Rustic figurines of a resigned-looking Virgin clutching her child may have no obvious literary or artistic merit to us today. But understanding what they meant to the spiritual lives of their owners can offer a glimpse of the human hopes and fears that people have, for centuries, invested in inanimate objects.
Belton House boasts one of the most extensive libraries among National Trust properties, representing 350 years of book collecting. Dr Abigail Brundin and Dr Dunstan Roberts have curated an exhibition of Italian literature at Belton, showcasing material that has rarely been seen by the public.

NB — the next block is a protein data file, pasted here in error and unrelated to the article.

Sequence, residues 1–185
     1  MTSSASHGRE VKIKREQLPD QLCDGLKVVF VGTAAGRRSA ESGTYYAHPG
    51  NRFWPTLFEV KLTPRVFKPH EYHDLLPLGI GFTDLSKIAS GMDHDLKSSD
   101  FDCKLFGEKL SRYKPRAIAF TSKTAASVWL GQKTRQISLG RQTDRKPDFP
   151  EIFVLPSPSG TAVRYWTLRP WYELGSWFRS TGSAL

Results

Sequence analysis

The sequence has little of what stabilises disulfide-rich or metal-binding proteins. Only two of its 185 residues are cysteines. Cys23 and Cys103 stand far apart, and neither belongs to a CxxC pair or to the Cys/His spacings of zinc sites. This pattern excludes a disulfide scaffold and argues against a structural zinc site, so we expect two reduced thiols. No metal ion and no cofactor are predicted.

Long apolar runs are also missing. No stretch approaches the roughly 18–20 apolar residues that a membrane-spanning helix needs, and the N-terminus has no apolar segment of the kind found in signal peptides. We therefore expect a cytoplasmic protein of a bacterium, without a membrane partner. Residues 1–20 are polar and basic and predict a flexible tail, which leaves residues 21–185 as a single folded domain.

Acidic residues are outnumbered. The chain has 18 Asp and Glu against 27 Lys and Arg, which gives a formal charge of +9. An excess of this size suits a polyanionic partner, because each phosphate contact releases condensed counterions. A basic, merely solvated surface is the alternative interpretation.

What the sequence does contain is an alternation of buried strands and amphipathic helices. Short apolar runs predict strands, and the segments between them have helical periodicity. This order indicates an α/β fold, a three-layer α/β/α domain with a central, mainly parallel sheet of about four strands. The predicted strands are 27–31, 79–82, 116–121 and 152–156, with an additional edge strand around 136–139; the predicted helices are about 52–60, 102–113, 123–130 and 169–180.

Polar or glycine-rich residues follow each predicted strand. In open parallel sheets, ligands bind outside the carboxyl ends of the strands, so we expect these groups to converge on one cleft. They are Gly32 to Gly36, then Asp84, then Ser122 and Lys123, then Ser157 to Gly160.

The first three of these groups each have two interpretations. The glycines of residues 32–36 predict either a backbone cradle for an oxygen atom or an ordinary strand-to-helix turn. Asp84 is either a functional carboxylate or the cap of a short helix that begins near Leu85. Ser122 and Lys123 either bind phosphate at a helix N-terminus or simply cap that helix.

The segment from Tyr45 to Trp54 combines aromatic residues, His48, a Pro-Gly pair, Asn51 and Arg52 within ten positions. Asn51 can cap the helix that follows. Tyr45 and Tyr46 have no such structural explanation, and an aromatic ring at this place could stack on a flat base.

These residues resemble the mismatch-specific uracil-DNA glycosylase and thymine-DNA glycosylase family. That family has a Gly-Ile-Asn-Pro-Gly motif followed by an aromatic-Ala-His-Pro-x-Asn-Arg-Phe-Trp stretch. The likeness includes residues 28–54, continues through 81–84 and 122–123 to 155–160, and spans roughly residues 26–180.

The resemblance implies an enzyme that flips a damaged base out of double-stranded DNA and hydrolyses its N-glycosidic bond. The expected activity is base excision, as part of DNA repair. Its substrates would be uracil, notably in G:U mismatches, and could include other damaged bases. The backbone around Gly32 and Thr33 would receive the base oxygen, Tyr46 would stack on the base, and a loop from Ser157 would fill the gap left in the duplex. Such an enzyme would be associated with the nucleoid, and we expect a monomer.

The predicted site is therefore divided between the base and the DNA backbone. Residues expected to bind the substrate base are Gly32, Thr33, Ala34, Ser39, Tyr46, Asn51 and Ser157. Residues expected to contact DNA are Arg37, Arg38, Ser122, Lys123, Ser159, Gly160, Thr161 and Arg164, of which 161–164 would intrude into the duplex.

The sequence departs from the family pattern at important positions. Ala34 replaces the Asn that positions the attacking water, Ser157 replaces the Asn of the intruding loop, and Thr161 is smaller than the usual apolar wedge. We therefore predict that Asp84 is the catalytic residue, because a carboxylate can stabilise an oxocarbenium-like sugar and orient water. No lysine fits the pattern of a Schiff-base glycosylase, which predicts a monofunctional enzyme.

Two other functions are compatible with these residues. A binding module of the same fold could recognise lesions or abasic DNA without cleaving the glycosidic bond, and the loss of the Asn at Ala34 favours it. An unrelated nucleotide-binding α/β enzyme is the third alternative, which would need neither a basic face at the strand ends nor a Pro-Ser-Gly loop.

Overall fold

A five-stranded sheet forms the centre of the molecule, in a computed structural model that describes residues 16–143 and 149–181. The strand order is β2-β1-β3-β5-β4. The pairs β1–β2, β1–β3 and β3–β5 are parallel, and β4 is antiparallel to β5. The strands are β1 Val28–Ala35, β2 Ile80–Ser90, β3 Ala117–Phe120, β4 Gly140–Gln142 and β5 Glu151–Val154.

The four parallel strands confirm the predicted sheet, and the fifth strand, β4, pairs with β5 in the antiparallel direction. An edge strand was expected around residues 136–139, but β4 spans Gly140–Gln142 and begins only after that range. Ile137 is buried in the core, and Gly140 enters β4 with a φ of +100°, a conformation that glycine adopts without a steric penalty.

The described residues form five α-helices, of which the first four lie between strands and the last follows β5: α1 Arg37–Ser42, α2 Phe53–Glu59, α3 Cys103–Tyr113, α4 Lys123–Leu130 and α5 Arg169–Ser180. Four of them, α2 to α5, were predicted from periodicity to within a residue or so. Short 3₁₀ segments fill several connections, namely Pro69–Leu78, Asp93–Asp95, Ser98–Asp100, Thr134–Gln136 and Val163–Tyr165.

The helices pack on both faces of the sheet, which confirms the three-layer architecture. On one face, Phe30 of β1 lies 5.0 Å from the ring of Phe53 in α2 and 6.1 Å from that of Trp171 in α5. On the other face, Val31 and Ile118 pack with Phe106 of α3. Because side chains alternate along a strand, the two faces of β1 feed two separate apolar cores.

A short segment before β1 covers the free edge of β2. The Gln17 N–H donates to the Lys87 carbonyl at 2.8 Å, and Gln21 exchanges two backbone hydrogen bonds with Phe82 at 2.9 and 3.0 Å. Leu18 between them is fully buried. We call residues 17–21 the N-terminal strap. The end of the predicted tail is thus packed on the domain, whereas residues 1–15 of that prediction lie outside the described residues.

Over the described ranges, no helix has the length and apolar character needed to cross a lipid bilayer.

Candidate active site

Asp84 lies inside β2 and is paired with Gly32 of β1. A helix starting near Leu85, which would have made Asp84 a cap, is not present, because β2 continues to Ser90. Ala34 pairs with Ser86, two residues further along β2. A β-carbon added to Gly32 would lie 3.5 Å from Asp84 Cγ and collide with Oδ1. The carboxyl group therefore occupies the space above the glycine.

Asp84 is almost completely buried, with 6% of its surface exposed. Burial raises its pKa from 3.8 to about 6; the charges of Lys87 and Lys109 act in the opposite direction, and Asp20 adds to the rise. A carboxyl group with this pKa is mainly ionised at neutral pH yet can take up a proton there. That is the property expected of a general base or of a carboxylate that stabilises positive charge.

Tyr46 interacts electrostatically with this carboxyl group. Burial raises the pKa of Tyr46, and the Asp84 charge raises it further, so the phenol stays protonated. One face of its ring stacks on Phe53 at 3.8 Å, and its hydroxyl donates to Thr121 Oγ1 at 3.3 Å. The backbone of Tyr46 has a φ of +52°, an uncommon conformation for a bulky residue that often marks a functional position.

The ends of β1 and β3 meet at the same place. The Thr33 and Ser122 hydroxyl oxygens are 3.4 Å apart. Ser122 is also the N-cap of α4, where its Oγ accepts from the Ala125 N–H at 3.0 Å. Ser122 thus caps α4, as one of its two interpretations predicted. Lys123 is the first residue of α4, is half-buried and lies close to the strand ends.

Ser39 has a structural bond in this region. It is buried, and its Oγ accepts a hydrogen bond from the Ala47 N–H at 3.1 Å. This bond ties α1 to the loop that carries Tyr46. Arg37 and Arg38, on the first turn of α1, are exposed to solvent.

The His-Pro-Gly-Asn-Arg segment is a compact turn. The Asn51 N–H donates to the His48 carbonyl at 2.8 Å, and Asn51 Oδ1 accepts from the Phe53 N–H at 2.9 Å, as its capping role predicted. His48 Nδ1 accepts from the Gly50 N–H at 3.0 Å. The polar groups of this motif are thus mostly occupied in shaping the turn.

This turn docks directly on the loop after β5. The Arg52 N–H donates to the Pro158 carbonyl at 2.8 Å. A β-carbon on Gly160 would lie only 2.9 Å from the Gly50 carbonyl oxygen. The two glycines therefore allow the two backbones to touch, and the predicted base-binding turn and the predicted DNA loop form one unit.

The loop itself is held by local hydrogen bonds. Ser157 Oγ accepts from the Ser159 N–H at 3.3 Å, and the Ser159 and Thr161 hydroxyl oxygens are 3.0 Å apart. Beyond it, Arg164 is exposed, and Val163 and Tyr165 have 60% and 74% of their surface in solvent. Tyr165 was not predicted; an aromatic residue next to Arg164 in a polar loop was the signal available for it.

Renaissance scholar Dr Abigail Brundin, Senior Lecturer in the Department of Italian, has been awarded an ‘I Tatti’ Fellowship from Harvard University, enabling her to spend time exploring 16th- and 17th-century Florentine archives. She hopes to shed light on a turbulent period in Italy’s literary history, when poets and writers laboured in the face of religious censorship.